The Strategist

Will Alexis Tsipras be able to tie the Gordian Knot?

07/14/2015 - 13:47

Having stormed to power promising tax cuts and the pains of financial reforms, Greek’s Prime Minister Alexis Tsipras, has now to ensure that financial reforms are in fact passed by his own coalition government. To make things more interesting – he has to do it with a ticking clock, otherwise all hell breaks loose.

With Greek’s Prime Minister running on a clock to pass a series of pro-market legislations and smother dissent from hardliners from his own party, time will tell whether he will be able to bail out Greece from the bleak providence it may face if Mr. Alexis is not able to stick to the clock.
Staring at a near financial meltdown, it is imperative that Tsipras meet the demands of his international creditors and face the anger of his lawmakers as well as the public which rejected tougher measures of reform in the July 5th referendum.
The ruling party – Syriza, has already met its junior coalition partners in a series of separate meeting to ensure the smooth sailing of his proposed legislation in parliament. This includes the unsavory items such as pension reforms, tax hikes and tighter supervision of government finances.
For the Suriza party, it was a spectacular 180 degree turnaround: voted to power in January it promised the end of tax hikes, while now it has to digest the bitter pill of even more stringent financial reforms. There is rampant speculation in the press that the Greek Prime Minister could resign.
Comparing the challenge facing the Greek government to the mythological Gordian Knot that was impossible to untie, Nikos Voutsis, the Interior Minister had confidence that Tsipras will be able to muster the number to see the legislations sail through parliament.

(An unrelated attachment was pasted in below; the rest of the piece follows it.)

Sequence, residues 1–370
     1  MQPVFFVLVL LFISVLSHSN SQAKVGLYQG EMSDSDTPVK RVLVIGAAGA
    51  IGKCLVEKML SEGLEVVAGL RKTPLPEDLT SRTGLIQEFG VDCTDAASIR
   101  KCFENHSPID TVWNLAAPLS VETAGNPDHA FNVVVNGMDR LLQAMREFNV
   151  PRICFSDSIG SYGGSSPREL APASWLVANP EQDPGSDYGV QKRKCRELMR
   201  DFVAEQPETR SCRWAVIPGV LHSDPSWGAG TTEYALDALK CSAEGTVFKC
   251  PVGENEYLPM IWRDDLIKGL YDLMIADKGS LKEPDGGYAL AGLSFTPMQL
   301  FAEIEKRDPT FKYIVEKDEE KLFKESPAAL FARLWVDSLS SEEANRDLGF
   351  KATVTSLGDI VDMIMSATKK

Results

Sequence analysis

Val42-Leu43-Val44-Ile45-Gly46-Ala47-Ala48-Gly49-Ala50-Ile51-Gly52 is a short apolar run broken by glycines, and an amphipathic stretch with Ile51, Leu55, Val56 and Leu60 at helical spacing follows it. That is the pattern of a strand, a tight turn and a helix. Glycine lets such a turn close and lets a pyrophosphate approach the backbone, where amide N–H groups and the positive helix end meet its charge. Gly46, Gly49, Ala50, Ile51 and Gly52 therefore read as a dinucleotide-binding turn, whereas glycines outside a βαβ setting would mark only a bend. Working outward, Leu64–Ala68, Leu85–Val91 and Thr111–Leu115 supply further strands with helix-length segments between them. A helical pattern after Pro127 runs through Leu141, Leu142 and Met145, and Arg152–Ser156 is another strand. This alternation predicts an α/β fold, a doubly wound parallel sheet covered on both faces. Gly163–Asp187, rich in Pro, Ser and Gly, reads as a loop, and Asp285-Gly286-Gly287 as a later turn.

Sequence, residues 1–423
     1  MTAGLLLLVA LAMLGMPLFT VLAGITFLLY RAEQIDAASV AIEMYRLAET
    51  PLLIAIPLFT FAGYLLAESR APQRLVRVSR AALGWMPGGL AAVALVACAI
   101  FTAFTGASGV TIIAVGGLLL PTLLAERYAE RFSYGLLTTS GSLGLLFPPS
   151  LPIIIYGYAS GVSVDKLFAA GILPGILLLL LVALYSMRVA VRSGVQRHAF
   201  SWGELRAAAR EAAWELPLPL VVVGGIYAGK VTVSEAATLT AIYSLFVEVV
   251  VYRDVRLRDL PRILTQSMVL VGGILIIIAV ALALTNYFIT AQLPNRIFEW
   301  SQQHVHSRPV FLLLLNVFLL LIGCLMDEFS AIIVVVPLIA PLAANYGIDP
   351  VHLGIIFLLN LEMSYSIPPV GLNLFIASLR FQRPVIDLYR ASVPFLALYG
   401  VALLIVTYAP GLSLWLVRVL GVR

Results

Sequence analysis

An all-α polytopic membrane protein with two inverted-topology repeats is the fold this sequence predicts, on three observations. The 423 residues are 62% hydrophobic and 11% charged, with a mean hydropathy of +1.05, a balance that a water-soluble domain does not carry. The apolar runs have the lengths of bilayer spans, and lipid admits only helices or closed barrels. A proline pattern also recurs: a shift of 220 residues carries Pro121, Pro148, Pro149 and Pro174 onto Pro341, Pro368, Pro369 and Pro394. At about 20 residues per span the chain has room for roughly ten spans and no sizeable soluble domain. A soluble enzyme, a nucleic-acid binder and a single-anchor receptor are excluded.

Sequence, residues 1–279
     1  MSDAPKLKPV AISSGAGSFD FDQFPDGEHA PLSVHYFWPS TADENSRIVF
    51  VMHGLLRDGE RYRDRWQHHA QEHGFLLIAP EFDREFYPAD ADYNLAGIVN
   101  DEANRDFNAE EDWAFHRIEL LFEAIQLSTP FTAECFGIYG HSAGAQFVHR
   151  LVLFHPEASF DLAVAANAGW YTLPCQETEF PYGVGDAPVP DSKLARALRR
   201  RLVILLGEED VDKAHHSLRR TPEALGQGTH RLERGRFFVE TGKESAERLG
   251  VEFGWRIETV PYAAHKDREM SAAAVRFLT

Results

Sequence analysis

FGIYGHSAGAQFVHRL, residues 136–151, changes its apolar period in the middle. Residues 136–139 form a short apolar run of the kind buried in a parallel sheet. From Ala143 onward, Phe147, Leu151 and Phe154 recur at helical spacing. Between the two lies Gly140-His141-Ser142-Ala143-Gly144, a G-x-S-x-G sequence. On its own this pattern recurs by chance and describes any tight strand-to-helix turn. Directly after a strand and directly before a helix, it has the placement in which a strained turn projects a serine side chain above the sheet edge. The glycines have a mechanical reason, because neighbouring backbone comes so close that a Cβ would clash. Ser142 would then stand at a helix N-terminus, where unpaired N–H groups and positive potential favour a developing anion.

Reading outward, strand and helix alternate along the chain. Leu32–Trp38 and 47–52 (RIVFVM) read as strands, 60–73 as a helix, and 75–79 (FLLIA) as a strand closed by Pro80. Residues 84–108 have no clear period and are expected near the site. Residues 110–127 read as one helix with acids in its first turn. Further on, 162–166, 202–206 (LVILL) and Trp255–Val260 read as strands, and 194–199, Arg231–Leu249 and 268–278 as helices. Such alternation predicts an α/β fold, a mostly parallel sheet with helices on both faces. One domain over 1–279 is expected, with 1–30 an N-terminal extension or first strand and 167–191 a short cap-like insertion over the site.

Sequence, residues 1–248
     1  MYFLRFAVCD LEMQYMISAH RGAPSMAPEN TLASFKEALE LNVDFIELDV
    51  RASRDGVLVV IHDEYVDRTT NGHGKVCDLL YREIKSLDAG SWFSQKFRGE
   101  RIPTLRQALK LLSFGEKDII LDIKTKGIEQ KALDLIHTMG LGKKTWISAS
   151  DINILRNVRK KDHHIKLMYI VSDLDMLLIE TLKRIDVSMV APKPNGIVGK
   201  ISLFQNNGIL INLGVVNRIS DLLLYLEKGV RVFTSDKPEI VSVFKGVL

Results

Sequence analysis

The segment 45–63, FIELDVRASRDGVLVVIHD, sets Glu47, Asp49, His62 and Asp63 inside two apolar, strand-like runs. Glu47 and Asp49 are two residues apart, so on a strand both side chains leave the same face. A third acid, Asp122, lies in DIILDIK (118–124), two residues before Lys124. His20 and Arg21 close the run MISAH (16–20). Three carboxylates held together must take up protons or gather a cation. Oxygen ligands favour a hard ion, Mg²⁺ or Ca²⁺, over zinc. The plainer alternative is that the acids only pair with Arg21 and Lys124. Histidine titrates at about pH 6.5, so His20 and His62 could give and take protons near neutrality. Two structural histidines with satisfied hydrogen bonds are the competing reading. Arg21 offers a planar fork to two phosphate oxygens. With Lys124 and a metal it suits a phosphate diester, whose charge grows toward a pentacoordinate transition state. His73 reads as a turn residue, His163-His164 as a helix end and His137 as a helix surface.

"The decisions that will facilitate a return to normality will take place," said Voutsis.
Investors were however understandably edgy. European shares edged lower after a four-day rally amidst uncertainty over whether the proposed legislations will make it in time.
Suriza’s junior coalition partner has diplomatically promised to support the government so far as the bailout measures which were agreed in Brussels are concerned.
"We are committed to voting for what we decided in the council of the political leaders and only that, no other measures that are imposed," said Panos Kammenos, head of the right-wing Independent Greeks.
The parliamentary speaker will be a key player during the passing of the legislations. He has been a ferocious critic of the deal handed out by Greek’s creditors. In case she needs to be by-passed, Tsipras could move a vote of no-confidence against her, but that would eat up precious time as well as political capital.
The center-right Kathimerini newspaper reported, "The government finds itself in quicksand after the deal with creditors. Mr. Tsipras needs to solve a difficult equation as dissenters on Wednesday's vote may reach or exceed 40."
Tsipras needs 151 of 300 lawmakers on his side in order to pass the legislations. His party along with his allies have theoretically the magic number of 162.

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